Thiophene

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Thiophene
Thiophene old sample pipette bottle by ChemicalForce.jpg
Sample of old thiophene
Names
IUPAC name
Thiophene
Other names
Thiacyclopentadiene
Thiofuran
Thiole
Thiophen
Properties
C4H4S
Molar mass 84.14 g/mol
Appearance Colorless liquid
Odor Aromatic, benzene-like
Density 1.06494 g/cm3 (20 °C)
1.051 g/cm3 (25 °C)
Melting point −38 °C (−36 °F; 235 K)
Boiling point 84 °C (183 °F; 357 K)
0.301 g/100 ml (25 °C)
Solubility Miscible glacial acetic acid, acetone, benzene, carbon tetrachloride, diethyl ether, dioxane, ethanol, isopropanol, pyridine, toluene, xylene
Vapor pressure 40 mmHg (12.5 °C)
Thermochemistry
Hazards
Safety data sheet Sigma-Aldrich
Flash point −1 °C (30 °F; 272 K)
Lethal dose or concentration (LD, LC):
1,400 mg/kg (rat, oral)
Related compounds
Related compounds
Furan
Except where otherwise noted, data are given for materials in their standard state (at 25 °C [77 °F], 100 kPa).
Infobox references

Thiophene is a heterocyclic compound with the formula C4H4S. It is the sulfur analogue of furan.

Properties

Chemical

Oxidation of thiophene with trifluoroperacetic acid gives thiophene S-oxide.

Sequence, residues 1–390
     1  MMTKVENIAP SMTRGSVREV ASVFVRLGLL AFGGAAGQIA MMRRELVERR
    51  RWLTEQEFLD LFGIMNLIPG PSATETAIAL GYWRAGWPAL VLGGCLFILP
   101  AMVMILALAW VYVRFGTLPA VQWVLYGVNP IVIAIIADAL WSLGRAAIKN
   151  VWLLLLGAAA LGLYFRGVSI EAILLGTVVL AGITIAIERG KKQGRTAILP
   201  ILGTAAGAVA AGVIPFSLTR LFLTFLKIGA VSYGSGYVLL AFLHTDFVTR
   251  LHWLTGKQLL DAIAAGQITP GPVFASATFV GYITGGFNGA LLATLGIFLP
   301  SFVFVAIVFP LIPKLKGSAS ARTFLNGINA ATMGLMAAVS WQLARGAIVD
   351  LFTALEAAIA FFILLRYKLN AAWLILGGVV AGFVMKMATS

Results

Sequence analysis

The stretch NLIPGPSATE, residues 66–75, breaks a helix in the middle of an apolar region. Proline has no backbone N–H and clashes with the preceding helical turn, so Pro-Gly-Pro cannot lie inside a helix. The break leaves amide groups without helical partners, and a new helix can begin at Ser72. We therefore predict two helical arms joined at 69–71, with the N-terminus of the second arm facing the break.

Desulfurization of thiophene with Raney nickel yields butane.

Physical

Thiophene is a colorless liquid, with an odor similar to benzene. Older samples appear darker in color.

Availability

Thiophene is sold by lab suppliers.

Preparation

Can be prepared by reacting diacetylene with sodium sulfide, with KOH, using DMSO as solvent.[1]

Projects

  • Make thiophene S-oxide

Handling

Safety

Thiophene is harmful and irritant if inhaled. It is flammable, and combustion will yield sulfur dioxide which is a strong irritant.

Storage

In closed bottles, in dark, away from light.

Disposal

Should be burned in a special incinerator or neutralized with Fenton's reagent.

References

  1. https://www.prepchem.com/synthesis-of-thiophene/

Relevant Sciencemadness threads